# What Is Vector in Data Structure With Example?

//

Heather Bennett

A vector is a dynamic data structure in computer science that allows the storage and manipulation of a collection of elements. It is also known as an array or a dynamic array. Unlike a static array, a vector can change its size during runtime, making it more flexible and efficient in certain scenarios.

Creating a Vector
To create a vector in most programming languages, you need to define the type of elements it will store. For example, in C++:

```    `vector<int> myVector;`
```

This creates an empty vector that can store integers. Similarly, we can create vectors for other data types like strings or custom objects.

Once you have created a vector, you can add elements to it using various methods. The most common method is using the “push_back” function.

```    `myVector.push_back(10);`
`myVector.push_back(20);`
`myVector.push_back(30);`
```

Accessing Elements in a Vector
To access individual elements in a vector, you can use square brackets with the index of the element. The index starts from 0.

```    `cout << myVector[0] << endl; // Output: 10`
`cout << myVector[1] << endl; // Output: 20`
`cout << myVector[2] << endl; // Output: 30`
```

Modifying Elements in a Vector
You can modify elements in a vector by assigning new values to the desired index.

```    `myVector[1] = 50;`
`cout << myVector[1] << endl; // Output: 50`
```

Size and Capacity
Vectors keep track of their size and capacity. The size represents the number of elements currently stored in the vector, while the capacity indicates the maximum number of elements it can hold before resizing. Resizing occurs automatically when necessary.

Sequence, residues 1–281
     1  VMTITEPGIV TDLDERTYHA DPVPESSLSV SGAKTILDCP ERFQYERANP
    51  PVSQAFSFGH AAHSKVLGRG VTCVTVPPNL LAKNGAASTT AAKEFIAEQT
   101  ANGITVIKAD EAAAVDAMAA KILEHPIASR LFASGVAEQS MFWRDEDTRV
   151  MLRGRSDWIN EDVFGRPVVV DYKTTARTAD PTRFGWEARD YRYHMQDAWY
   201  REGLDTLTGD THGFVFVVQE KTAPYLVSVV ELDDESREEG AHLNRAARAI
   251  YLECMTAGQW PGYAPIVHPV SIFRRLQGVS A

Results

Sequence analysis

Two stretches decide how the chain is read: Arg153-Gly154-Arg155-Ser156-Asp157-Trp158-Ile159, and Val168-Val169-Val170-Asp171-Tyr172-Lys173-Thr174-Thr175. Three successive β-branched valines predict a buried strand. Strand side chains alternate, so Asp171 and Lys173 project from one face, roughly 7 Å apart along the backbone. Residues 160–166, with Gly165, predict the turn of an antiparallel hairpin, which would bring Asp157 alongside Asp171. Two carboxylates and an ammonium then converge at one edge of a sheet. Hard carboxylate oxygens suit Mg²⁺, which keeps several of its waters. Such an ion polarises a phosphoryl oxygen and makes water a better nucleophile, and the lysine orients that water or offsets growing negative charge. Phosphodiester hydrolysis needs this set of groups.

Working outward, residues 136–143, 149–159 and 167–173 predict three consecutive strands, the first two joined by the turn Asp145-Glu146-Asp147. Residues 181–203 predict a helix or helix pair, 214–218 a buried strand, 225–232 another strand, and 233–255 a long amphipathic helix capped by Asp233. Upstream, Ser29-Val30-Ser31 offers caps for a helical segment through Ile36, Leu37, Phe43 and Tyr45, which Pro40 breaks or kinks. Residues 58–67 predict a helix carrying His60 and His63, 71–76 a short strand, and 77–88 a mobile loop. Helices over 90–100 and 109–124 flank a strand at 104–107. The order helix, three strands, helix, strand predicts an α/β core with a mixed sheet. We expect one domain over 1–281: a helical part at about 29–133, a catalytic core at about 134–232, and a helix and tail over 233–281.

• To get the size of a vector, you can use the “size” function:
• ``cout << myVector.size() << endl;``
• To get the capacity of a vector, you can use the “capacity” function:
• ``cout << myVector.capacity() << endl;``

Iterating Over a Vector
You can iterate over a vector using loops like “for” or “while.” Here’s an example using a for loop:

```    `for(int i = 0; i < myVector.size(); i++) {`
`    cout << myVector[i] << endl;`
`}`
```

### Example:

Let’s consider an example where we want to store and display names of different fruits in a vector.

``````// Include necessary libraries
#include<iostream>
#include<vector>

using namespace std;

int main() {
// Create a vector to store fruit names
vector<string> fruits;

// Add elements to the vector
fruits.push_back("Apple");
fruits.push_back("Banana");
fruits.push_back("Orange");

// Display all elements in the vector
for(int i = 0; i < fruits.size(); i++) {
cout << fruits[i] << endl;
}

return 0;
}
``````

When we run this code, it will output:

```Apple
Banana
Orange
```

In this example, we created a vector of strings and added three fruit names to it. Then, using a for loop, we displayed each fruit name on a new line.

Vectors provide a powerful way to store and manipulate collections of data in various programming languages. Understanding their usage and functionality can greatly enhance your ability to write efficient and robust code.